MOTHER and mature student Sarah Roche feels the Government has left the squeezed middle-classes relatively unscathed this time, but that cutbacks have targeted the vulnerable.
Sarah (37), who lives with husband John and children Patrick (10) and Saoirse (8) in Sutton, Dublin, was relieved she didn't suffer cuts to child benefit.
"We try to keep the child benefit for the kids' activities and shoes but €130 a child a month disappears quickly," she added.
"I think the top earners were left alone, and instead of the middle people, they went for the more vulnerable – the elderly and students."
After returning to study Nutraceuticals in DIT, Sarah was hit with the €250 hike in student contribution fees.
She is in the middle of appealing a refusal for a maintenance grant after the thresholds were raised.
The income coming into the household has dropped severely in the past three years.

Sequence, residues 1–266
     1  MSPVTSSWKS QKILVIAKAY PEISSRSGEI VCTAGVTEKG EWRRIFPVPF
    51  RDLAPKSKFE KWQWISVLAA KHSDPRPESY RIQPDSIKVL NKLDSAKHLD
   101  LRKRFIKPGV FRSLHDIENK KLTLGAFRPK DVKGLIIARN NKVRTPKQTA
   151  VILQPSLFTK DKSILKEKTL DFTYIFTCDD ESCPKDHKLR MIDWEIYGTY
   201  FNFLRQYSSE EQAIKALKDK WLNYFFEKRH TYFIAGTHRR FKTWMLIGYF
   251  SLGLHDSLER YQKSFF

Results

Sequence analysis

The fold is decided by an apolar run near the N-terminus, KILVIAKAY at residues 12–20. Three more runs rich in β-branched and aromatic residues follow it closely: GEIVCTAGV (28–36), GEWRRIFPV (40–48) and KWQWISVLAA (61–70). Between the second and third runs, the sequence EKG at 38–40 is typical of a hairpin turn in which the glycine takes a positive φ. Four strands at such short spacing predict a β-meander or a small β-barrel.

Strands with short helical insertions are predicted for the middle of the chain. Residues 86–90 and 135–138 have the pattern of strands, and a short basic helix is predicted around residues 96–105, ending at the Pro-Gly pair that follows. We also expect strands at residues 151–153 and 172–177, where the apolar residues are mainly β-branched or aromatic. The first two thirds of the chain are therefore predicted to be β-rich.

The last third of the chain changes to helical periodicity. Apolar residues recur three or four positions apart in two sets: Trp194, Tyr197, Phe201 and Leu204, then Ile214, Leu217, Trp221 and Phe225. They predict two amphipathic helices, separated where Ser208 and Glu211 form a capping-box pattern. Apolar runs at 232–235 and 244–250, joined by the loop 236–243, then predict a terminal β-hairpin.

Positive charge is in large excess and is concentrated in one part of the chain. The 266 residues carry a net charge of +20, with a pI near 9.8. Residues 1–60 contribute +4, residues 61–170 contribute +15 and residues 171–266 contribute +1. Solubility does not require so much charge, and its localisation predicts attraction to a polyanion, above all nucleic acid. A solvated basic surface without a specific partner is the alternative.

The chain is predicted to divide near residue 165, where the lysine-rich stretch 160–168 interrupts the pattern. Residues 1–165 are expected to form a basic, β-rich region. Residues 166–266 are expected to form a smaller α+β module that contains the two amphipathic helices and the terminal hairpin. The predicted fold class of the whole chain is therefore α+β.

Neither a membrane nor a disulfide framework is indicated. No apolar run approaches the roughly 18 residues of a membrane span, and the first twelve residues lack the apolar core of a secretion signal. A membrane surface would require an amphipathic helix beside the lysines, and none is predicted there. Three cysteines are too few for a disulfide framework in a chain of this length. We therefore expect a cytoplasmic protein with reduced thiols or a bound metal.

Her husband works for Dublin City Council, and she estimates his pay has been reduced by as much as 30pc with cuts to pay and allowances.
"Unfortunately my husband falls into the bracket where we're not poor, but we're not rich, we are in the middle, and I think that is the bracket that are being fleeced," she said. Now, he gets up at 5am and cycles to work to save on petrol.
"My social life is standing on the side of the GAA pitch on a Sunday. There is no wine on a Sunday. We don't smoke, we rarely go out. We don't have a fabulous lifestyle. There is nothing left for us to adjust. I now do a seven-day food shop and make it last for 10," she said.